by Michael W. K. Yee, Financial Advisor and Certified Financial Planner
According to the Family Wealth Checkup study by Ameriprise Financial, there’s a correlation between financial confidence and communication. While many families are discussing financial issues, they tend to shy away from topics like inheritance and estate planning, leaving some with unrealistic expectations. But family conversations about finances lay the foundation for a more secure financial future for the people closest to you.
Tips for Family Discussions About Finances
Don’t wait for a tragedy to bring up the topic. Nine in 10 adult children say a life-altering event triggered a financial talk with their parents. It’s best to have these conversations when all the important players in your estate plan can participate and communicate. With time on your side, you can cover topics thoroughly and have leeway to get the proper documents in place.
Families who have opened this dialogue report that it went much smoother than anticipated — conversations were straightforward and relaxed as opposed to awkward or difficult.
Schedule the conversation; make it a priority. Rather than just hope a conversation will happen, let each family member know ahead of time that you want to talk. Complex estates may require multiple discussions, so schedule a date to continue as needed. After your initial discussion, keep family members up-to-date about changes.
Share your agenda ahead of time. Consider starting the conversation by sharing your financial goals and values. Other topics on the agenda may include managing current finances, healthcare costs and legacy planning.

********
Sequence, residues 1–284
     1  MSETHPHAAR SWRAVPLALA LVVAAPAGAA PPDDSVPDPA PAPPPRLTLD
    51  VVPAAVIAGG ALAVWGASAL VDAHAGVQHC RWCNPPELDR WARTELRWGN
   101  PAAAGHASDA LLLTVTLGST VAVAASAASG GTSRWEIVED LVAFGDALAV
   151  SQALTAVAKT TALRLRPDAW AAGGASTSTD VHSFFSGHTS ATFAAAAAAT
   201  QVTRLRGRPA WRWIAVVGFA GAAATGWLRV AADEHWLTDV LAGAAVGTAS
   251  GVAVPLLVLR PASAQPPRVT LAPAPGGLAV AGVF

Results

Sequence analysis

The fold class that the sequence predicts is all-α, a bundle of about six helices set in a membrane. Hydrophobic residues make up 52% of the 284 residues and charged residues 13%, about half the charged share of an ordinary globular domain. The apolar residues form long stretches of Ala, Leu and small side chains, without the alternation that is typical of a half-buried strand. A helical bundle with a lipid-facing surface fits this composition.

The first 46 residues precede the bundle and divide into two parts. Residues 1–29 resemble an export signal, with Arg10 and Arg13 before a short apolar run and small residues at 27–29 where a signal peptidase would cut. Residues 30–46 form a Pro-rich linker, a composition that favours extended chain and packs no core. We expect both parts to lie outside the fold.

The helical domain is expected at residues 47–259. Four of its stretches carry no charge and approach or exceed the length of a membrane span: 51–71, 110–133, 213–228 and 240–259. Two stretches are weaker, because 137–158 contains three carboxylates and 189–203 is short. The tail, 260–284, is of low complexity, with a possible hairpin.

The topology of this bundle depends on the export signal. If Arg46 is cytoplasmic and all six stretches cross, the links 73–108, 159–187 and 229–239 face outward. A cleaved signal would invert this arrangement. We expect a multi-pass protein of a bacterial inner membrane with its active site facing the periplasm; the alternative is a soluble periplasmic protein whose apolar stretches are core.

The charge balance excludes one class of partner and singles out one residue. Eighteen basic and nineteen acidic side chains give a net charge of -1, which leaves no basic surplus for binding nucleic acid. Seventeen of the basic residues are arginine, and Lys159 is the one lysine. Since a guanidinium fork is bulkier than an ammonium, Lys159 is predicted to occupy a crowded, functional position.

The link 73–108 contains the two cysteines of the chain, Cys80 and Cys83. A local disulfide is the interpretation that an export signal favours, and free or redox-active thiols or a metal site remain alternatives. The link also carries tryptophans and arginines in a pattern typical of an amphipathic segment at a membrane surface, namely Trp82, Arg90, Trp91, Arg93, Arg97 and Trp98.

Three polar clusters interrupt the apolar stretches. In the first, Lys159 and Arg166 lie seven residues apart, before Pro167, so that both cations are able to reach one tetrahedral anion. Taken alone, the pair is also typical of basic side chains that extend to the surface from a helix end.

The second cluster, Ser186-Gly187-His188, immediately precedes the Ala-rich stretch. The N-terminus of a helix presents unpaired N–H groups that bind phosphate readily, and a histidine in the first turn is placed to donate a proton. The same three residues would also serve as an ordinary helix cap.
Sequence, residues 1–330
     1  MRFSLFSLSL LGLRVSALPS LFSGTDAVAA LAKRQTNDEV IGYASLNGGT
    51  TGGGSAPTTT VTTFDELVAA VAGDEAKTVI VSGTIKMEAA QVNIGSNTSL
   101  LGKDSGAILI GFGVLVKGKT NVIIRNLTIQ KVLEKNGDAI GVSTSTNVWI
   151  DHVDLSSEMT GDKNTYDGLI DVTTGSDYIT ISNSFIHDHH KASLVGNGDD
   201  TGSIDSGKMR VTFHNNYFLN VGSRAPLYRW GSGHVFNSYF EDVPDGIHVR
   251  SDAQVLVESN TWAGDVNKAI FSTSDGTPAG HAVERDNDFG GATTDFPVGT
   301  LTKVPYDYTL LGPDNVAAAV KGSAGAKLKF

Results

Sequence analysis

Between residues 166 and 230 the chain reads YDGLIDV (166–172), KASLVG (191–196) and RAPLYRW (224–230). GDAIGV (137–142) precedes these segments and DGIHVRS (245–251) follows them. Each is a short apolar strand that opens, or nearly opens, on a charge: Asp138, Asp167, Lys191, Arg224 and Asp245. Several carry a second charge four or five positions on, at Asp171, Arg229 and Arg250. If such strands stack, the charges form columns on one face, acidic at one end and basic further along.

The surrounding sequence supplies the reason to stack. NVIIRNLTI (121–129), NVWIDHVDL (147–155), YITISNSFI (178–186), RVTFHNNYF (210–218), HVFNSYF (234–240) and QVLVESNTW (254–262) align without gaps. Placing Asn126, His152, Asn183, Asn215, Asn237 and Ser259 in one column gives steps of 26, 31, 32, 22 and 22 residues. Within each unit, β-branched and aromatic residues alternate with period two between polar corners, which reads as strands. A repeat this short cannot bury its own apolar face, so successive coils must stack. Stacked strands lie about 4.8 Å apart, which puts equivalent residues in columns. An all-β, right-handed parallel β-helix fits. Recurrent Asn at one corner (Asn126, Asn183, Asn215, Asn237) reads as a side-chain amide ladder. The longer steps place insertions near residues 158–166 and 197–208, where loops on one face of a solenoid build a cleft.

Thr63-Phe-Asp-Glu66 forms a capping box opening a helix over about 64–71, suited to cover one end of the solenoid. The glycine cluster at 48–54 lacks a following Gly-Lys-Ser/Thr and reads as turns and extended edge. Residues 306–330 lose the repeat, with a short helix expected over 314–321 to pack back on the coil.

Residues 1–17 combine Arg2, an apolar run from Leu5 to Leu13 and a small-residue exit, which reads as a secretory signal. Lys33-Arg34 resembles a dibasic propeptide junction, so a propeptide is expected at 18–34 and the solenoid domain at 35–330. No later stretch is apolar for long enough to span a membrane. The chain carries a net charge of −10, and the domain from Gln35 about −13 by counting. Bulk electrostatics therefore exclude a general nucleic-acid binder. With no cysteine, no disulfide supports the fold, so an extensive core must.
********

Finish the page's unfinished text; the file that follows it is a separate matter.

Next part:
Manage expectations. It’s important to disclose enough detail so that your family can set appropriate expectations. If part of your legacy plan includes leaving an inheritance, consider letting your family know whether it’s an amount large enough to help fund your grandchildren’s education or closer to a down payment on a car. Only 21 percent of parents have told their kids how much they can expect to receive.
Create or update your estate plan. Pair your conversations with a comprehensive estate plan to prevent rifts that can happen when financial wishes are not clearly documented. Your estate encompasses anything you own. Creating a plan that determines what happens to these assets and accounts — no matter the size of your estate.
If you already have a plan in place, update it to mirror the blueprint you’ve shared with your family and consider providing instructions in a healthcare directive in the event that you cannot act on your own behalf in the future.
Disclose locations of important documents. Prevent headaches that can slow down the settlement of your estate by providing instructions —
where you’ve stored the safety deposit key, bank accounts, stock certificates and digital assets, etc. Ensure that your family has contact information of the professionals (lawyer, estate planner, tax, financial advisor) who are helping you plan.
Work with a financial professional. If you experience conflict in your family discussions or want some help navigating difficult topics, consider working with a neutral third party, such as a financial advisor. A financial professional can help family members understand your collective financial picture and can facilitate the transition of wealth from one generation to the next.
Ongoing dialogue about estate topics with family members can bring you closer together and pave the way for a smooth transfer of wealth —
when the day comes.